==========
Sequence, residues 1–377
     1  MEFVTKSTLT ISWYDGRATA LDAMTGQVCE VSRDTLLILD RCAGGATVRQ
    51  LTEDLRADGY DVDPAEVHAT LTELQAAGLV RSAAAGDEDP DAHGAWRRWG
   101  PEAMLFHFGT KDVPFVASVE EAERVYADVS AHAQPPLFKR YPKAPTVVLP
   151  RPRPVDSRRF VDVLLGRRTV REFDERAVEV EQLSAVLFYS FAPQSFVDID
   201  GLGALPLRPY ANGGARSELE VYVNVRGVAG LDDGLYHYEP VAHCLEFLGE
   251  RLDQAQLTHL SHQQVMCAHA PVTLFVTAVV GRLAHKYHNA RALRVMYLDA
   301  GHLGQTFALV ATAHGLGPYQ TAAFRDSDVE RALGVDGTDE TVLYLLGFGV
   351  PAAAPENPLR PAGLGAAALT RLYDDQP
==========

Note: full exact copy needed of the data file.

Sequence, residues 1–377
     1  MEFVTKSTLT ISWYDGRATA LDAMTGQVCE VSRDTLLILD RCAGGATVRQ
    51  LTEDLRADGY DVDPAEVHAT LTELQAAGLV RSAAAGDEDP DAHGAWRRWG
   101  PEAMLFHFGT KDVPFVASVE EAERVYADVS AHAQPPLFKR YPKAPTVVLP
   151  RPRPVDSRRF VDVLLGRRTV REFDERAVEV EQLSAVLFYS FAPQSFVDID
   201  GLGALPLRPY ANGGARSELE VYVNVRGVAG LDDGLYHYEP VAHCLEFLGE
   251  RLDQAQLTHL SHQQVMCAHA PVTLFVTAVV GRLAHKYHNA RALRVMYLDA
   301  GHLGQTFALV ATAHGLGPYQ TAAFRDSDVE RALGVDGTDE TVLYLLGFGV
   351  PAAAPENPLR PAGLGAAALT RLYDDQP